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[286] in private, for counsel, or in groups in the street, the
chap. XIV.} 1765. June.
‘Sons of Liberty’ told their griefs to one another, and planned retaliation or redress.

‘No good reason can be given,’ observed the more calm among them, ‘why the colonies should not modestly and soberly inquire, what right the parliament of Great Britain has to tax them.’ ‘We were not sent out to be slaves,’ they continued, citing the example of ancient Greece, and the words of Thucydides; ‘we are the equals of those who remained behind. Americans hold equal rights with those in Britain, not as conceded privileges, but as inherent and indefeasible rights.’ ‘We have the rights of Englishmen,’ was the common voice, ‘and as such we are to be ruled by laws of our own making, and tried by men of our own condition.’1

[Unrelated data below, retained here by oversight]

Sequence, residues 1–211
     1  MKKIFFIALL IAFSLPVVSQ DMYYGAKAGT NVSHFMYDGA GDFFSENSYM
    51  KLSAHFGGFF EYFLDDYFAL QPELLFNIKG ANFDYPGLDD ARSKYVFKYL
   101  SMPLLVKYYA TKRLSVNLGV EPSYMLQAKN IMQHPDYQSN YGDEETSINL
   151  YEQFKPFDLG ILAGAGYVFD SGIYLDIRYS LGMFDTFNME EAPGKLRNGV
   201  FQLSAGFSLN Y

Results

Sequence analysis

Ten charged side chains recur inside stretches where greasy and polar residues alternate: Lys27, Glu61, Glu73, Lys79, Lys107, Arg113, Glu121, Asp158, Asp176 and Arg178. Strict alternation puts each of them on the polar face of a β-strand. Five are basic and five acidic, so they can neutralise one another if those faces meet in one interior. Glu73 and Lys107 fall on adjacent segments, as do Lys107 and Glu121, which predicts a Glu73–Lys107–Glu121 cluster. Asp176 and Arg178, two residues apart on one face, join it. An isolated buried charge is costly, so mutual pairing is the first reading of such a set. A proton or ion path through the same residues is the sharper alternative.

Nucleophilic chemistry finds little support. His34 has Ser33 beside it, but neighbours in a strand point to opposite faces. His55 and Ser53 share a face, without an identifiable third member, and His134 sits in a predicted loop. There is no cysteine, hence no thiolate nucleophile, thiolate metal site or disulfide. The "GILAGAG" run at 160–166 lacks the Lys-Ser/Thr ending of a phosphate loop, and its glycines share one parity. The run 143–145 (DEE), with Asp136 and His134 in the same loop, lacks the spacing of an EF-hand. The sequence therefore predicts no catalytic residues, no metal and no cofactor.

‘If we are Englishmen,’ said one, ‘on what footing is our property?’ ‘The great Mr. Locke,’ said another, ‘lays it down that no man has a right to that which another may take from him.’ And a third, proud of his respect for the law, sheltered himself under the words of the far-famed Coke: ‘The Lord may tax his villain, high or low, but it is against the franchises of the land for freemen to be taxed but by their own consent in parliament.’ ‘If the people in America are to be taxed by the representatives of the people in England, their malady,’ said Hopkins, of Rhode Island, ‘is an increasing evil, that must always grow greater by time.’ ‘When the parliament once begins,’ such was the discourse at Boston, ‘there is no drawing a line.’ ‘And it is only the first step,’ repeated the New-York owners of large

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